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  • VERNIERS Gilles (8)
  • DIECKHOFF Alain (8)
  • GAYER Laurent (7)
  • KOHLI Atul (3)
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in Institut Montaigne Publication date 2020-08-27
THAKKER Hemal
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The world’s 5th economy, India, is also the third biggest emitter of CO2. Its vast territory and solar capacity makes it a formidable place for the development of new technologies to reduce the country’s carbon emissions. Yet, the challenge is big due to the numerous political and economic obstacles. Does the current government comply with the country’s target for the Paris Agreement? Is solar power expected - and able - to replace coal in the near future? Christophe Jaffrelot, Senior research fellow at CERI-Sciences Po/CNRS, and Hemal Thakker, Student of International Relations and Environmental Studies at the Paris School of International Affairs, Sciences Po thoroughly answer our questions.

in Contemporary South Asia Publication date 2020-08-20
VERNIERS Gilles
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The rise of the BJP in national and state politics is often associated with a representation skewed toward traditional elite groups and the marginalisation of groups associated with other parties, such as minorities and various dominant OBC groups. This article examines the transformation of the sociological composition of the Lok Sabha over time and seeks to assess its elitist character, by providing descriptive statistics on five socio-demographic and economic variables: caste, religion, gender, dynasticism, wealth and occupation. Data suggests that political representation in India has by and large always been skewed toward the elites, but the composition of these elites has changed over time. For instance, the recent surge in the representation of the upper caste in the Lok Sabha pre-dates the rise of the BJP in 2014, and the marginalisation of minorities and women is a long-standing phenomenon. Since 2014 however, the BJP has contributed to enhancing a particular form of elite – those rooted in local and regional business networks.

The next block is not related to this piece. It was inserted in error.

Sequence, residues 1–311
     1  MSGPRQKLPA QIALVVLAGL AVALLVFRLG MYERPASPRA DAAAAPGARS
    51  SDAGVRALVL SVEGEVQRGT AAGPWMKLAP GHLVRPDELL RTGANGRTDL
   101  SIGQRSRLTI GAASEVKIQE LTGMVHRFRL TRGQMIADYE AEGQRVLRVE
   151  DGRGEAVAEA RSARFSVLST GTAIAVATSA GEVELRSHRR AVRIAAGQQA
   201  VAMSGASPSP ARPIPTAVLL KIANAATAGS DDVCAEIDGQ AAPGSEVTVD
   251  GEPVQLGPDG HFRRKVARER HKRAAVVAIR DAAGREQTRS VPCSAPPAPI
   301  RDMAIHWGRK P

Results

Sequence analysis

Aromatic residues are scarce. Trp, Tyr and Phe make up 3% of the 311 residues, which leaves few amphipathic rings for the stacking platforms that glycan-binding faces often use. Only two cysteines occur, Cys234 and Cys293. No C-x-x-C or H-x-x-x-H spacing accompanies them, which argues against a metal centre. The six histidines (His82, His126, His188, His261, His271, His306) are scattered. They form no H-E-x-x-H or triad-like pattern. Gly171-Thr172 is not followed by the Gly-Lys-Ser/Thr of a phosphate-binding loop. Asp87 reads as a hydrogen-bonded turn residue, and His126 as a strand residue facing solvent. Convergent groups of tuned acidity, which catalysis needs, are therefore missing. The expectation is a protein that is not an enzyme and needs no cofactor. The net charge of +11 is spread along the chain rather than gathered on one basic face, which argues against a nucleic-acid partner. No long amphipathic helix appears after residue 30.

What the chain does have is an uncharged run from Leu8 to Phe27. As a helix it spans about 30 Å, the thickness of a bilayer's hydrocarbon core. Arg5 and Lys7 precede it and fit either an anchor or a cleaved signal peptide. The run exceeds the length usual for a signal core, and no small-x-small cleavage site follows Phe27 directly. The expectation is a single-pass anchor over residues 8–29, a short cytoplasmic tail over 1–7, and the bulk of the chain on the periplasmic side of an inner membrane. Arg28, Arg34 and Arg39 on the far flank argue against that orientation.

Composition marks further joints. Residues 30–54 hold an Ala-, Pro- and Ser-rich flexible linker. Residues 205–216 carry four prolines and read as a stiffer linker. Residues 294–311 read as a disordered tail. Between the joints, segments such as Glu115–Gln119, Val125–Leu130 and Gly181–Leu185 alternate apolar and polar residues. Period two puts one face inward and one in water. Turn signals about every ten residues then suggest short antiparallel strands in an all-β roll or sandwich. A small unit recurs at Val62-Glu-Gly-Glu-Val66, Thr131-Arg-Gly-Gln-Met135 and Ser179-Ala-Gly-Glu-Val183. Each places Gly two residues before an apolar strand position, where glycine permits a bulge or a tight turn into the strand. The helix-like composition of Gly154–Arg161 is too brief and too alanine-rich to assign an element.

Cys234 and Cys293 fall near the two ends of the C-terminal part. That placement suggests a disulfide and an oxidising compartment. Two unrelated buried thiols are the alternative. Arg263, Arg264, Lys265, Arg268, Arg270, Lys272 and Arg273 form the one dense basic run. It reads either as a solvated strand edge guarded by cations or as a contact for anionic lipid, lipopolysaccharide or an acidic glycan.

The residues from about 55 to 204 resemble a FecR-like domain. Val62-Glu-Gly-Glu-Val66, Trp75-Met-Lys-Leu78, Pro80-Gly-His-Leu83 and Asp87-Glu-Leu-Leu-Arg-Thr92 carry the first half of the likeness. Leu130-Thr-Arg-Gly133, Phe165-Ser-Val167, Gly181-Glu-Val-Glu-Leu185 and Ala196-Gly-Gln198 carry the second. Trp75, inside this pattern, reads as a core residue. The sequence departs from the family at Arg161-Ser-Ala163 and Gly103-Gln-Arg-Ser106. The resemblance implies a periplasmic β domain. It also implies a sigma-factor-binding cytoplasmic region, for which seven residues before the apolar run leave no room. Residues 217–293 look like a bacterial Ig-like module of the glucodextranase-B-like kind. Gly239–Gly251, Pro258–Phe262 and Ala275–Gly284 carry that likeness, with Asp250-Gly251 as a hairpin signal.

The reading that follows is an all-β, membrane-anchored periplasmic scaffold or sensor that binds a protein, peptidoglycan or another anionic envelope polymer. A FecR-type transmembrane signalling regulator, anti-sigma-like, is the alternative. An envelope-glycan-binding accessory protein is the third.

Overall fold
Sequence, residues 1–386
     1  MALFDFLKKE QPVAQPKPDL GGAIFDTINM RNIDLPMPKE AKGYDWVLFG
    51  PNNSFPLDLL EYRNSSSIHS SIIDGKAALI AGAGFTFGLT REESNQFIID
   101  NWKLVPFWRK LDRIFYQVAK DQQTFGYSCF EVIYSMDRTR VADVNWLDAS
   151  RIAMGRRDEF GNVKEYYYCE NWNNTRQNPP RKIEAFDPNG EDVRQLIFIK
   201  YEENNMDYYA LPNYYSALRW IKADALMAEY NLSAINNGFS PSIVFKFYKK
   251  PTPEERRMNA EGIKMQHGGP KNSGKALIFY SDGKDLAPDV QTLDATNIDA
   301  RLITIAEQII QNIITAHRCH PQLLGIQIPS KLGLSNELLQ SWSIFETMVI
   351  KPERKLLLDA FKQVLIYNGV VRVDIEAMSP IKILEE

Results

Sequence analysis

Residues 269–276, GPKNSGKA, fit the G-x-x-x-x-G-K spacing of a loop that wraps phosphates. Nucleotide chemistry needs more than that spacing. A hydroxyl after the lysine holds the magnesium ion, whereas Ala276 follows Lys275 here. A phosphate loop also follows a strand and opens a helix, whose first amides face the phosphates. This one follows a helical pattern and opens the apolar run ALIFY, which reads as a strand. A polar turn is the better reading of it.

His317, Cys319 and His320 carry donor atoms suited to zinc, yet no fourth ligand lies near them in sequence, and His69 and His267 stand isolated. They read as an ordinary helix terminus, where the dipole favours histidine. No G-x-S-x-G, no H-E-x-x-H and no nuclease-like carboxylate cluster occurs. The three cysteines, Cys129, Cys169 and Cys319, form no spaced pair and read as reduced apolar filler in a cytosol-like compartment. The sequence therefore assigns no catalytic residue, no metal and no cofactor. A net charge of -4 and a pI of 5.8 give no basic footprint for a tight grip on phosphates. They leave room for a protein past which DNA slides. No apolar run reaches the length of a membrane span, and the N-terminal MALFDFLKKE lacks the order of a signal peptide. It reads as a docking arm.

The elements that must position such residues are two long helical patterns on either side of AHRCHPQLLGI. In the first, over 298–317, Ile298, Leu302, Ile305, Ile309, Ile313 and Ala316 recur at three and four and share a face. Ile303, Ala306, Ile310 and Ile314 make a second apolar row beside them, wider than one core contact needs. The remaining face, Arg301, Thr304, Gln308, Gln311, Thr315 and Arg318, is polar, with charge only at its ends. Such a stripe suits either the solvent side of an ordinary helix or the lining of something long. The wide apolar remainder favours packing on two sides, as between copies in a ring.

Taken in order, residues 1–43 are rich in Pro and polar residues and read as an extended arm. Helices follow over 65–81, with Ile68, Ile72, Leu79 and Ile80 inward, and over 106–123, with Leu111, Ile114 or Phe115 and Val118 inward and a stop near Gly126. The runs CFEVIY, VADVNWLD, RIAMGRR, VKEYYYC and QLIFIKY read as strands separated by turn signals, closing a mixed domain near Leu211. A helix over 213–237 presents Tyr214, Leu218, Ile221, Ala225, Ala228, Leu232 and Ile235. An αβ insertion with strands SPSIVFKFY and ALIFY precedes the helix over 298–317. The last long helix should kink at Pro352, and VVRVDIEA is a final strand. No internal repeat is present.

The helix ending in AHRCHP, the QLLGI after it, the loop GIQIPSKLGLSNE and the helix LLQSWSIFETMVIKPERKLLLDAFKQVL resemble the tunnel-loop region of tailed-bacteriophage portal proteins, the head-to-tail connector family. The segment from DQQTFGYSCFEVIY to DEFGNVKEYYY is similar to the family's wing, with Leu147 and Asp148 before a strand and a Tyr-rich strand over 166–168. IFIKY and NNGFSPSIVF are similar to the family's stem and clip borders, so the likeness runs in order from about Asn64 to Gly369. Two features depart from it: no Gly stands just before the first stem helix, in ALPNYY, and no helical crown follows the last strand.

in Contemporary South Asia Edited by JAFFRELOT Christophe, VERNIERS Gilles Publication date 2020-08-20
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In this special issue, we explore different facets of the 2019 campaign, providing detailed analysis of its outcome in an attempt to connect these elections to larger questions regarding the transformation of India’s political regime. Jaffrelot and Verniers provide a detailed account of the BJP campaign and the factors that helped the BJP secure such a decisive victory. They examine in particular the crucial part played by the BJP’s extraordinary electoral machine, unprecedented in Indian politics, and the multiple competitive advantages secured by the BJP through its command over resources and control over the media, both social and traditional. Yamini Aiyar and Neelanjan Sircar argue that the absence of competition to the BJP at the national level has weakened the position of many regional parties vis-à-vis the Centre, both in electoral terms as well as in bargaining power. This situation has accentuated the divergence between national and state politics, and helped the BJP further centralize powers in the hands of the executive. Neelanjan Sircar, in a separate contribution, develops a model of the politics of vishwas (trust/belief) as a form of personal politics in which voters prefer to centralize political power in a strong leader, and trust the providential leader to make the right political or policy decisions. He explains further how this model of politics is consonant with the unitary aspirations of the BJP and therefore normatively sustains its efforts to centralize powers. Oliver Heath delves into constituency-level data to explore the connections between turnout and various socio-economic and socio-demographic characteristics of constituencies. He examines in particular the impact of social cleavages related to the level of urbanization, poverty and literacy within a constituency, as well as its religious and caste profile. Carole Spary examines the outcome of this election with regard to women’s participation and representation. This exercise helps demonstrate that, despite unusual counter-examples in the states of Odisha and West Bengal, these elections show much continuity with regard to women’s representation among both candidates and elected representatives. Finally, Verniers and Jaffrelot provide an analysis of the outcome of the 2019 elections through an examination of the sociological profile of the new Lok Sabha, thanks to original data collected before and during the campaign by the Trivedi Centre for Political Data and members of the SPINPER project. This exercise reveals that the forms of elitism associated with the BJP are enduring, predating its recent rise on the national stage.

in Contemporary South Asia Publication date 2020-08-20